BOCA RATON, FLA. — General Mills, Inc. got what may be described as a late start in the Greek yogurt category, but the company is looking to make up ground by putting some of its marketing muscle behind Yoplait Greek 100.

“Six varieties of our Greek 100 are all turning in the top third of the entire yogurt category and they are turning really well,” Ian Friendly, chief operating officer of U.S. Retail told Food Business News. “We are basically selling all that we can make with even more capacity coming on line. So, we think we have a real winner in our Yoplait Greek 100.”

Mr. Friendly made his comments at the annual Consumer Analyst Group of New York conference taking place this week. He noted that the Greek 100 product line is just getting started; that it currently is only in a select number of flavors and a single packaging format.

“We were starting from a smaller base and the category innovation was led by Chobani, initially, but there are a lot of battles in a war and I think we are very pleased with the progress we are making,” he said. “We think we will get our fair share of the Greek segment.”

Mr. Friendly said General Mills will continue to innovate under its core Yoplait Greek line, but that the company believes the Yoplait Greek 100 has a more substantial point of differentiation.

“There are a lot of people who like the taste and texture profile of Greek yogurt, but don’t want all of the calories,” he said. “Greek 100 brings a lot of meaningful benefit to a lot of consumers.”

The quick rise in the popularity of Greek yogurt was a surprise to General Mills, but it was a trend that had been on the company’s radar, Mr. Friendly said.

“It sort of incubated in a small territory for over 10 years,” he said. “In 2008 it started to take off. It certainly caught our attention and notice, but at the time it was hard to project. I don’t think anyone thought it was going to be as big or get as big as quickly as it actually did.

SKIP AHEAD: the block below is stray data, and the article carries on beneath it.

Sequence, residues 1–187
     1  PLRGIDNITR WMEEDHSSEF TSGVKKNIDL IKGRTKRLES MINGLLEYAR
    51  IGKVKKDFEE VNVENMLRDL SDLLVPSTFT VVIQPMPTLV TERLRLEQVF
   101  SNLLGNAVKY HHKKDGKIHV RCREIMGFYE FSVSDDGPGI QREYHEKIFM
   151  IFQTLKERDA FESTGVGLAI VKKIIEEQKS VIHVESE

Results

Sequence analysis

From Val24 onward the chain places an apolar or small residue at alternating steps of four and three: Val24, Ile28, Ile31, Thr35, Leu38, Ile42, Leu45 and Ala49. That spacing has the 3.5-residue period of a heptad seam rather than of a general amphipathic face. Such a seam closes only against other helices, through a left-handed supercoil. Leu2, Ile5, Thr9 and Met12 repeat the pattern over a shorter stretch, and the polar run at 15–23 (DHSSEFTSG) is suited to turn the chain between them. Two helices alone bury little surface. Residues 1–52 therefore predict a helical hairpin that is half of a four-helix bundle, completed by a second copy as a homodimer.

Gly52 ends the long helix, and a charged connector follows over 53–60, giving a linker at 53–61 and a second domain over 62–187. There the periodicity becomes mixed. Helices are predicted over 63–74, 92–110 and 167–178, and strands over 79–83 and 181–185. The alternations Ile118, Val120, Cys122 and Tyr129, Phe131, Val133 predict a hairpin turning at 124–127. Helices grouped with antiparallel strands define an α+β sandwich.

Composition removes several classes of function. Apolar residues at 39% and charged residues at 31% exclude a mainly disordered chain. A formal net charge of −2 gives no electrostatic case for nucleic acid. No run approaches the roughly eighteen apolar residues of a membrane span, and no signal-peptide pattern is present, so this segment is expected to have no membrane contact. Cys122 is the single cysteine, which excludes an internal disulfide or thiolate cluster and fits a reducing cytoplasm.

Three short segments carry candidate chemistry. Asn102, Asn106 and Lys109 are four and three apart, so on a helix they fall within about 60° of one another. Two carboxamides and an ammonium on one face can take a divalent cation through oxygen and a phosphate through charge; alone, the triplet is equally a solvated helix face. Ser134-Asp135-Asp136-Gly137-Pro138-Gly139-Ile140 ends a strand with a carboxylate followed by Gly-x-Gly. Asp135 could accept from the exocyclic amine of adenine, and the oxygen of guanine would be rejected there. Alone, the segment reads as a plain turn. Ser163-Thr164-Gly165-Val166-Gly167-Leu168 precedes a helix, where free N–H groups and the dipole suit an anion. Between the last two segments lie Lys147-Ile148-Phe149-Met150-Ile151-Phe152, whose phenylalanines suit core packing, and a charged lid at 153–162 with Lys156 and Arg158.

“So, do we wish we had got on a little bit earlier? Yes, but we are very excited about what we are seeing with our current offerings.”

While Greek yogurt has captured a lot of consumer and media attention, Mr. Friendly has not lost sight of the possibilities in the market for light yogurts and those targeting the children’s market.

“Greek is a sizeable niche, and I think it is a sizeable niche that’s here to stay,” he said. “But the light segment and the kids segments are every bit as big on purchase behavior as Greek. Greek is the latest, greatest thing and we think anything that grows the yogurt category is a good thing.

“Our immediate challenge is to get our fair share of it. Then there will be new innovation different from Greek that will continue to grow the yogurt category.”

As General Mills focuses on growing its share of the Greek segment, the company is facing additional competition in the market for children’s yogurts. Chobani, Inc. recently introduced Chobani Champions Tubes, a packaging format that lends itself as an on-the-go snack for children.

“Whether the benefits of Greek yogurt are meaningful to children remains to be seen,” he said. “I think there is a role, but if you think of the less sweet taste of Greek yogurt, the thicker texture; a lot of the attributes that might be deemed to be desirable to a certain segment of the adult population, may not transfer. I think there is a role, but I’m not sure it is analogous to the adult segment.”

Nevertheless, Mr. Friendly said General Mills will be adding a high protein product to its GoGurt line in the future.